Flow Control and Subroutines

Blocks

Blocks in Perl are denoted by { and }. Blocks retain their lexical scope:

 use strict;
 {
    my $amount = 123.45;
 }
 print($amount);  # BOOM

Simple flow control

If statements have the keywords: if / elsif / else. Elsif and else are of course optional. Every action after the if, elsif or else must be a block: { and } are required, even if the block contains only one amount!

 if ($amount < 12) {
    print("Amount is less than twelve\n");
 } elsif ($amount < 20) {
    print("Amount is less than twenty\n");
 } else {
    print("Amount is twenty or more\n");
 }

Unless is the reverse of if (it's an if-not):

 unless ($amount >= 0) {
    print("You have overdrawn your account\n");
 }

If and unless can be reversed for more compact syntax:

 print("Bring your umbrella\n") if ($rain_is_falling);
 print("You have overdrawn your account\n") unless ($amount >= 0);

Iteration

Perl has the usual iteration constructs: while, do/while, for:

 my $i;

 $i = 0
 while ($i < 10) {
    print("i is ", $i);
    $i++
 }

 for ($i = 0; $i < 10; $i++) {
    print("i is ", $i);
 }

If you only want to use the control variable (above: $i) inside the for-loop then you can define it using 'my' in the for-statement:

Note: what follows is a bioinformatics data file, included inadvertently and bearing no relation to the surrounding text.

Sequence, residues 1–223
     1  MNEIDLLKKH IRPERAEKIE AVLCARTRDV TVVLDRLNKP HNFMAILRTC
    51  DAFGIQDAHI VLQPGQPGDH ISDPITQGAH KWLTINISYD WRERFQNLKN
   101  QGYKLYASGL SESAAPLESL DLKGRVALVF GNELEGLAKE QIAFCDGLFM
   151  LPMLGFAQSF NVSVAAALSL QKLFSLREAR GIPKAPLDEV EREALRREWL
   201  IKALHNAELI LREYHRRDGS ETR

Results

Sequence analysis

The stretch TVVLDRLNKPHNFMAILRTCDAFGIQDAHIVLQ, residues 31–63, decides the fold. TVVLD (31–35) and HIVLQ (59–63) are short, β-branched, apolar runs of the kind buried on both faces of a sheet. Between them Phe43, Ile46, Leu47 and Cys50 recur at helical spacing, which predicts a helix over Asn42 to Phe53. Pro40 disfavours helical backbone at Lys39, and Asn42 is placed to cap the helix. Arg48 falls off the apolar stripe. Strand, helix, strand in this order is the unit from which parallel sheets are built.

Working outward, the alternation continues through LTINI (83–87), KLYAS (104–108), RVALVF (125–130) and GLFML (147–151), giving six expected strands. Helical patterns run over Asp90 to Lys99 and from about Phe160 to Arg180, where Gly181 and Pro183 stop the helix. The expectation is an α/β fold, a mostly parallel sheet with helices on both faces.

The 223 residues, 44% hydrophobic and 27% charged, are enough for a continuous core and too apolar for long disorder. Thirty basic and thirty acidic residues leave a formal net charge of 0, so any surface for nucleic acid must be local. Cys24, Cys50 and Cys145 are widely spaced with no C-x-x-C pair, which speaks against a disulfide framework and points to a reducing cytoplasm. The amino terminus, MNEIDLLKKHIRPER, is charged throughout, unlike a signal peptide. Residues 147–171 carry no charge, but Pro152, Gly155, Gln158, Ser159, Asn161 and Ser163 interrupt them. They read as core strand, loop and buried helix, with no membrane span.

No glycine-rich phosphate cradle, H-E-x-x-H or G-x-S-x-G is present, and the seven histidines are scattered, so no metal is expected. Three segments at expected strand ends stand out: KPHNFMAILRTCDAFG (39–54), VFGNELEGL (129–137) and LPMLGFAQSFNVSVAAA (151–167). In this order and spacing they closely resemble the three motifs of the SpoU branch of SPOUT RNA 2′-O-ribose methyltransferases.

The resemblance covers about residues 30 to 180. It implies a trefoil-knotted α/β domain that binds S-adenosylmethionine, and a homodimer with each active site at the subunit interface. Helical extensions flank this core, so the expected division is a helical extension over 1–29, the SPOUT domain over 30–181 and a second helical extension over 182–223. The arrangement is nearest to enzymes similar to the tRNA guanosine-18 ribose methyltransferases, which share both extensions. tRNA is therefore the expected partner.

for (my $i = 0; $i < 10; $i++) { .... }

To iterate over an array, the "for my .." construct can be used:

 my @arr = ('a', 'b', 'c', 'd');
 for my $el (@arr) {
    print($el, "\n");  # prints a, then b, etc.
 }

Next and last

Next and last are like 'break' and 'continue' in other languages: next forces the loop to continue; last forces the loop to stop. For example the following loop only prints 0 to 5:

 for (my $i = 0; $i < 1000; $i++) {
    print("i is now ", $i, "\n");
    last if (i == 5);
 }

Exercise

Use the following code fragment:

 for (my $i = 0; $i < 1000; $i++) {
    # insert your statement(s) here
    print("i is now ", $i, "\n");
 }

The loop must print:

 i is now 1
 i is now 2
 i is now 3
 i is now 8

(and nothing more).

Subs

Functions or procedures are in Perl known as subroutines, abbreviated 'sub':

 sub mysubroutine {
    # block with statement(s)
 }

The subroutine definition doesn't state whether there are arguments, and if so, how many. It always gets the magic array called _ (underscore), so that is typed as @_, which can be inspected. The first argument, if any, is $_[0], the second one is $_[1] and so on.

The caller (invoker) simply puts the arguments in a list, so using ( and ), and the arguments are separated with a comma. Just like the print-examples used before.

Exercise

Write a non-recursive (iterative) version of the factorial function. For example the following code must print 120:

  print("Factorial 5 is ", fac(5), "\n");

Next write a recursive version of the function.

Exercise

Write a Perl program that lists the contents of a directory, and recurses into subdirectories and lists those. The program can be invoked without an argument, in which case it generates a list starting at the current directory, or with an argument, in which case it starts listing there. E.g., if the script is called 'rec.pl', then:

  perl rec.pl /tmp       # lists /tmp and subdirs
  perl rec.pl            # lists current dir and underneat

The building blocks you will need are: